At the Center of Research
in the Western Pacific

Guam Science & Technology Plan

Guam is a small island with a dedicated and well-respected education and research community in the midst of a vast Pacific sea and at the edge of the deepest place on earth (Marianas Trench).

Modern development, technology, and climate change are impacting this resilient island that is only 209 square miles. Guam has a rich research terrain, from tropical island environment to coral reefs to ocean depths resources. Many of the marine plants and animals can be found nowhere else on earth.


Guam’s residents originate from all parts of the Asia-Pacific region in addition to the U.S. mainland. In addition to Guam’s indigenous Chamorro people, who comprise approximately 47% of the population, large numbers of mainland Americans, Filipino, Chinese, Japanese, and South Koreans constitute the majority of Guam’s population. There are also substantial numbers of Micronesian islanders, Vietnamese and East Indians. Guam’s diverse population makes it one of the most cosmopolitan communities in the Western Pacific. According to the 2010 U.S. Census, Guam’s 2010 population estimate was 159,358. This represents a 2.9% increase over the 2000 U.S. Census tabulation of 154,805, which was in turn a 16.3% increase over the 1990 population of 133,152.
The social and cultural tapestry of the region retains traditions and practices from before western contact and colonization; Pacific Islanders excelled at open ocean navigation long before Magellan had traversed the western hemisphere and established a metric base for global navigation. Guam has been impacted by modernization, yet it remains resilient with rich biodiversity, cultural survival, and environmental integrity.

Guam is an island surrounded by a sensitive marine environment and time sensitive issues. Once the marine and terrain assets are depleted, damaged or destroyed, there is no replacement. Researchers in Guam are charged with not only leveraging their assets, but ensuring that the assets remain for generations to come.

Within an island environment the physical assets are what mold the social and cultural aspects. Guam’s biggest strengths are also its biggest weaknesses. Remoteness has allowed Guam to maintain its rich cultural heritage, and also, to a certain extent, it’s pristine land and water environment. However, remoteness has contributed to its inability to retain human capital, and to obtain physical and financial assets as readily as other larger and more centrally located population centers.

To determine the direction and focus of this plan, the plan coordinating team enlisted leading specialists and experts from organizations that are involved in Science, Technology, Engineering, and Math (STEM) education and research. Directors of government agencies and Guam’s business communities also were engaged at the Steering Committee level to give their input into their needs and expected deliverables from the education and research community. An outreach STEM needs survey was distributed to business and government entities to solicit their input for this report. It was well received by the community, with responses from 104 organizations across the island eager to have their voices heard.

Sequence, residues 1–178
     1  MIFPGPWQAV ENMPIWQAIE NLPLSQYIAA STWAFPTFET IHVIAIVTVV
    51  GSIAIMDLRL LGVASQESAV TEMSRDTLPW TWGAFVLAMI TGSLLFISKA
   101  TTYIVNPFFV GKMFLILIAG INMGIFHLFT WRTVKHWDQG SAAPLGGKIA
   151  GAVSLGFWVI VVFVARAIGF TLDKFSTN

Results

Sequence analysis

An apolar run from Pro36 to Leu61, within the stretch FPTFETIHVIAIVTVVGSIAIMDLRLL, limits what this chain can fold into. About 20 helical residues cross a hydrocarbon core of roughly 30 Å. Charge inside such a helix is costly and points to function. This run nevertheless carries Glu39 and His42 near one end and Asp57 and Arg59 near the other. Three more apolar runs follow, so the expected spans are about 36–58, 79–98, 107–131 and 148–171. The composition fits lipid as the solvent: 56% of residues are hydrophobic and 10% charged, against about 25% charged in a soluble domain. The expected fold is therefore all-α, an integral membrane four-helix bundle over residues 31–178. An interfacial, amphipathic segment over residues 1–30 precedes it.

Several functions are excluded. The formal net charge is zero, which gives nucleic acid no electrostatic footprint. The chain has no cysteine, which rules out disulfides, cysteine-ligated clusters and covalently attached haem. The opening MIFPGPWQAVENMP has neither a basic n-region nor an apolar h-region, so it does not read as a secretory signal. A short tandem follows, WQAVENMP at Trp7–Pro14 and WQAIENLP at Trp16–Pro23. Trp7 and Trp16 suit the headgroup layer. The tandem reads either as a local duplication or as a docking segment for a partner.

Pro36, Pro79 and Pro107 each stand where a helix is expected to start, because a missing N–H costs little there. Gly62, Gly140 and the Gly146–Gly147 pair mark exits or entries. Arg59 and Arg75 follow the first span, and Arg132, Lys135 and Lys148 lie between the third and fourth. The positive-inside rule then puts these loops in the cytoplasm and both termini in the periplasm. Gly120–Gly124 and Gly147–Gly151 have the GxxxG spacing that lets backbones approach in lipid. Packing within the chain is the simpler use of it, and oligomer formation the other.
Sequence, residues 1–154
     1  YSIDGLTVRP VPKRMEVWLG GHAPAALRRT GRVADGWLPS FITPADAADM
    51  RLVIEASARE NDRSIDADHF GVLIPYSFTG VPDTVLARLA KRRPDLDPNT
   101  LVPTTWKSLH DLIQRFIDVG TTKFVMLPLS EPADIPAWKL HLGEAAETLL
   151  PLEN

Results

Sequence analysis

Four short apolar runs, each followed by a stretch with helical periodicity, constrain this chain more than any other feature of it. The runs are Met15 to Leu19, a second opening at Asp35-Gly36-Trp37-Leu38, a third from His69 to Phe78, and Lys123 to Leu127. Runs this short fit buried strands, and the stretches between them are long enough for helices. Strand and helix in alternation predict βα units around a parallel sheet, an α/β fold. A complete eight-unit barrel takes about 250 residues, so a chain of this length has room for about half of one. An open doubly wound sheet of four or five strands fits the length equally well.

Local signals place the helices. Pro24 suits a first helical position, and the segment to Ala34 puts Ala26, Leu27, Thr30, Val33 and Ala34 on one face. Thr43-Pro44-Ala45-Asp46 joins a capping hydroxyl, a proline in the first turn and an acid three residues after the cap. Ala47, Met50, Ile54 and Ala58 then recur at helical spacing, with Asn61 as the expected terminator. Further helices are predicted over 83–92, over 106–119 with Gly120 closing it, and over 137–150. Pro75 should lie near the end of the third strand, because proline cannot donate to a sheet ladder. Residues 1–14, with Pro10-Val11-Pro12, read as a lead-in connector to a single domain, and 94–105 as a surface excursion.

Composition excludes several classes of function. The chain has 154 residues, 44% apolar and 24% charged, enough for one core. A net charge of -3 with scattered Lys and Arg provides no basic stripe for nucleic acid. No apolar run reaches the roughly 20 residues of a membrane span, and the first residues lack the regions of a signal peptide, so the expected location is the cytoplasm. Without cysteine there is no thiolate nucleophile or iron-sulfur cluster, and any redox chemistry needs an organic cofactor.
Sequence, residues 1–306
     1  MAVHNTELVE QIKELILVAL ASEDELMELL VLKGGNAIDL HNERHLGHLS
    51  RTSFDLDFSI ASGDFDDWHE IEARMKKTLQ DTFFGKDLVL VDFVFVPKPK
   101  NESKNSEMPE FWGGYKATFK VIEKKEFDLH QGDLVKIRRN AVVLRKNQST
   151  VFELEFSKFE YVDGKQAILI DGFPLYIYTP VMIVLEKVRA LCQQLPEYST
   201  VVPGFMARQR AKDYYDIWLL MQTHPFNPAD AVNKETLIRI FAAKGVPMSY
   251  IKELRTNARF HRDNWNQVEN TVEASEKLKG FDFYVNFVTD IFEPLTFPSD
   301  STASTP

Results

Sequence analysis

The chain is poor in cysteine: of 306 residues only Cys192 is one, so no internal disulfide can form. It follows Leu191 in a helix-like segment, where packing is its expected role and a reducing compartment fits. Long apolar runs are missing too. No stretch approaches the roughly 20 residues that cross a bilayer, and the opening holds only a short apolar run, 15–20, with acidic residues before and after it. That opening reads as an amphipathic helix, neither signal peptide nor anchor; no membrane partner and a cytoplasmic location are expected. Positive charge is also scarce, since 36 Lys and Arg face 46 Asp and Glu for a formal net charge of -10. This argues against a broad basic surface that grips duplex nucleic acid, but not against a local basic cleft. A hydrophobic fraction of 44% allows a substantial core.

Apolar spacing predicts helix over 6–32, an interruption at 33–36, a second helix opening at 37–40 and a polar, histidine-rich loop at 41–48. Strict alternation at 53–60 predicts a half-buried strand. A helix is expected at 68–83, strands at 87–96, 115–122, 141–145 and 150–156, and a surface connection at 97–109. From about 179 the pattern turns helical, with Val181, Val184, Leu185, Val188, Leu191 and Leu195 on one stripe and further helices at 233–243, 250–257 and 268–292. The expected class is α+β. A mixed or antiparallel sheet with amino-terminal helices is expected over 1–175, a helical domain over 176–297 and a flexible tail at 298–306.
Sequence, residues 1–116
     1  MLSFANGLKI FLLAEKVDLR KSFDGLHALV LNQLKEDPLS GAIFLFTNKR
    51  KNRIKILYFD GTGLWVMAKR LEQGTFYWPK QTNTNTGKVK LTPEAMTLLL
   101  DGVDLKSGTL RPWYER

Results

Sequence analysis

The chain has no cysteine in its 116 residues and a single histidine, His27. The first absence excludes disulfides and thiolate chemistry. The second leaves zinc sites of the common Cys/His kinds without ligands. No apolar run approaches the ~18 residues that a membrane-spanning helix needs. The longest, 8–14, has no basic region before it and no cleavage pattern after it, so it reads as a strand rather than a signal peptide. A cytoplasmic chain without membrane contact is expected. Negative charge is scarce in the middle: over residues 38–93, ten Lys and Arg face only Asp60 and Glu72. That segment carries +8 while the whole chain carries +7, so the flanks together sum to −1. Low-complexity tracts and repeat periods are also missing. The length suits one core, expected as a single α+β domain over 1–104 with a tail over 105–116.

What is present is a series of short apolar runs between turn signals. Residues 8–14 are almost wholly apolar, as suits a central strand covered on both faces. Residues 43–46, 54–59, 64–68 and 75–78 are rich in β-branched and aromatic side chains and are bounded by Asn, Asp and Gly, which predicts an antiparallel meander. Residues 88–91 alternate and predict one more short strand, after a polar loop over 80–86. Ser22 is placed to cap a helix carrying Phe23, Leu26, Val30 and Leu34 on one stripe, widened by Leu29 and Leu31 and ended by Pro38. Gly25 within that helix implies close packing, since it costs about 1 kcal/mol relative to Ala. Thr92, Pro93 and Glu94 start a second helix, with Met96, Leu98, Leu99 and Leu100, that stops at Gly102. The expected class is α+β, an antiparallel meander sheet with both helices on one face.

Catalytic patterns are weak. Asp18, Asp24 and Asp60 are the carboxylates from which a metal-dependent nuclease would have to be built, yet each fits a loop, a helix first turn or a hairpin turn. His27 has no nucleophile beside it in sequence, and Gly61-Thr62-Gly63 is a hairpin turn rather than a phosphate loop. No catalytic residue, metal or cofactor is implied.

A general consensus was reached during multiple facilitated meetings; Guam has incredible potential for STEM achievements and contributions to the global research community. Guam has a tradition and history of innovation, but Guam still lacks the resources to implement a world class STEM plan with accompanying funding sources that is cohesive, communicated well, and maximizes technology.

Guam’s strength is in its resourcefulness. Limited resources and inaccessibility due to Guam’s isolated location dictate that the islanders create and modify available resources for functionality. Because resources are scarce, they are maximized and shared by the group.

Another strength is Guam’s ability to effectively collaborate between and among the key stakeholders in academics, business and government in the application of innovation. Transfer of knowledge from research into actionable innovation in the business community is efficient and swift because of the small size of the island and its close-knit community.

Goals for the development of science and technology were agreed to by the local STEM academic community as well as Guam’s STEM Steering Committee. They are articulated below:

Develop global recognition as the facilitator for studying sustainability related issues and knowledge for Guam and the surrounding Micronesia Region.

Produce a STEM-competent Micronesia-centric workforce by providing a holistic, place-based education pipeline to meet the localized sustainability needs of the government and the private sector while encouraging and supporting local entrepreneurial efforts.

Provide the infrastructure that will allow Guam access to facilities and equipment that support needed research; as well as enhance connectivity among government, educational and academic institutions.

Increased communication in the Micronesia region to facilitate informed decision-making, knowledge sharing and continuing education that helps develop a regional community of life-long STEM learners. Each goal is supported by objectives, from which activities were developed and measurement methods were determined.